Sandeep Pandya, left, president of Netradyne, stands with Adam Kahn, vice president for fleets. Their company specializes in artificial intelligence for commercial vehicle fleets. (Don Boomer / Union-Tribune)

Sandeep Pandya, left, president of Netradyne, stands with Adam Kahn, vice president for fleets. Their company specializes in artificial intelligence for commercial vehicle fleets. (Don Boomer / Union-Tribune)

High-tech device allows companies to monitor their drivers

By Jennifer Van Grove

San Diego Union-Tribune

San Diego company Netradyne is on the cusp of launching a technology system that will either act as friend or foe to the 6 million people who operate commercial vehicles in the U.S.

The fledgling firm has invented a device that’s mounted behind the rear-view mirror of a pickup truck, tractor-trailer or van. It acts like a computerized command center, perpetually capturing 360-degree video of the car’s surroundings, automatically identifying everything on the road — from other cars and pedestrians to red lights.

The device also uses artificial intelligence to determine unsafe actions (tailgating, speeding relative to other cars, accidents etc.) and alert managers in near real-time for urgent events.

“It’s all with the purpose of trying to apply AI to revolutionize safety for commercial fleets,” said Sandeep Pandya, president of Netradyne.

The “Driveri” device relies on a Nivdia mobile processor for computing tasks and a Qualcomm chip — the same one used in Apple’s iPhone 5 — for cellular needs, say transmitting footage over 4G.

The device can store five driving days worth of video at a time. It works with a cloud-based management center, where footage can be saved longer term and fleet managers can see alerts, dive into driver analytics and keep tabs on an individual’s daily performance, which is scored at all times by a ranking system.

The goal is safety — for fleet personnel as well as the public — but the implications are grander. The system is likely to influence how insurers determine fault for accidents, thus protecting or exposing drivers and their companies in all manner of incidents.

Netradyne insists it has drivers’ best interests in mind.

“The set of incentives associated with good driving are worth having some technology that basically back the driver up,” Pandya said. “A lot of the time, drivers are victimized.”

Netradyne’s system is slated for commercial availability this month. Exact pricing varies, but the startup said its using a subscription model that will likely cost customers $1 to $2 per day, per vehicle. To date, the startup has financed operations through a combination of bootstrapping and venture capital. In June, Netradyne secured $16 million in its first funding round.

‘Always-on’ awareness

The company aims to be an intelligent leap forward in the realm of telematics, which blends communication and vehicle technologies, and encompasses things like navigation systems or the car-sharing systems that power Car2Go.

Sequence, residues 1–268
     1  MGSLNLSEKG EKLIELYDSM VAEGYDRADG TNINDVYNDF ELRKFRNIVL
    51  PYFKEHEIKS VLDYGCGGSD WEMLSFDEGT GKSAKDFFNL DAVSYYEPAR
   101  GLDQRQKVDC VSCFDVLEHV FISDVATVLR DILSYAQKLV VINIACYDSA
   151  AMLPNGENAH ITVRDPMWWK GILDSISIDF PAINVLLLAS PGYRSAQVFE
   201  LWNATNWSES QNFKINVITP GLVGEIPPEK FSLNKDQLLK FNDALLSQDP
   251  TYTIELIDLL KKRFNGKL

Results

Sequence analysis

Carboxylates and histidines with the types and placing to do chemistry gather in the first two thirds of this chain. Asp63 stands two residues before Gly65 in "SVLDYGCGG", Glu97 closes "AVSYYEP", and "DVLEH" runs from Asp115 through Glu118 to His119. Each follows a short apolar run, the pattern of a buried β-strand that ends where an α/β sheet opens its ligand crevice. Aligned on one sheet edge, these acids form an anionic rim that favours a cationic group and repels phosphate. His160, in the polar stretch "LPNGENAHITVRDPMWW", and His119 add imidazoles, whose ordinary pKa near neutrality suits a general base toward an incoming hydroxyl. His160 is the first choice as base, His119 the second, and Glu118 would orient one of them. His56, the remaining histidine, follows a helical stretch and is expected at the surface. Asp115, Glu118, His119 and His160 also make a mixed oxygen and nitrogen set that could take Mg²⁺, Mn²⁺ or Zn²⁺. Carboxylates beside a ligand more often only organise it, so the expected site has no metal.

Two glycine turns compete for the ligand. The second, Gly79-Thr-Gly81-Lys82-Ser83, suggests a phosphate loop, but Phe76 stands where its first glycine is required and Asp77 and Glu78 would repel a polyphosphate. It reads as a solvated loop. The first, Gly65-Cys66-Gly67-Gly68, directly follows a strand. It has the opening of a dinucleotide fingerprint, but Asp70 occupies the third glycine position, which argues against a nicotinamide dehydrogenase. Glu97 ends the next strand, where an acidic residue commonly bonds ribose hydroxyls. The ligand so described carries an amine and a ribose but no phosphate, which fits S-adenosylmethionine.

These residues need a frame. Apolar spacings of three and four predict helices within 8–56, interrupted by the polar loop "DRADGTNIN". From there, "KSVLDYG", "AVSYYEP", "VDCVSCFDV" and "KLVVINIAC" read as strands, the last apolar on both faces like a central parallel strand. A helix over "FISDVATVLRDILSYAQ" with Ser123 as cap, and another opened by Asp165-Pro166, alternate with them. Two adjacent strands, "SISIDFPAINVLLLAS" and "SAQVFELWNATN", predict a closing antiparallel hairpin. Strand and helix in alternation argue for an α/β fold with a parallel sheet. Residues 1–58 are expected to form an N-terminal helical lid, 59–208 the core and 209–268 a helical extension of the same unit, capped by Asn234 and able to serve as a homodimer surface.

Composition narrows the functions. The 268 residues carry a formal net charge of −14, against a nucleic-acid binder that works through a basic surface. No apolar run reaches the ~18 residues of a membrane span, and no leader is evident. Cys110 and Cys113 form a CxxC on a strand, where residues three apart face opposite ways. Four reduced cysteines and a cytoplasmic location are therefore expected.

Worldwide, the commercial vehicle telematics market is projected to more than double over a five-year period, growing from a $20 billion industry in 2015 to a $48 billion market by 2020.

Netradyne competes with a number of existing fleet management systems from companies. The startup believes its AI capabilities set its platform apart from those offered by rivals.

“A lot of the legacy providers, what they do is wait until the vehicle stops suddenly. Then, they turn on the camera and record what’s happening around the vehicle,” said Adam Kahn, Netradyne’s vice president of fleet business.

“Someone, somewhere else, maybe a day later, will study that video and try to determine what happened,” Pandya added.

Meanwhile, Netradyne’s device, Kahn said, can manage a trillion calculations per second, which allows for complex interactions with objects on the road. This kind of always-on, computer-vision-based awareness.

Of course, professional drivers might be unsettled by the Driveri system — and reasonably so. Netradyne’s technology can track and record pretty much all behaviors in and around vehicles, meaning drivers are essentially being micromanaged by algorithms. Have a bad hour or two of driving and Netradyne will tell your manager.

The company counters that the commercial fleet industry is swiftly moving toward video technologies, so spy-level monitoring is merely a given. Plus, Netradyne’s system is designed to not just penalize poor performance but reward good behaviors, too.

“Most systems out there, if not all the systems, will focus on the things you’ve done wrong. You were speeding. You ran a red light. You got in a crash. With the utilization of artificial intelligence, we can watch every minute of every driving day,” Kahn said. “If I can watch everything … I can say, ‘Hey, my driver did a good job today.’”

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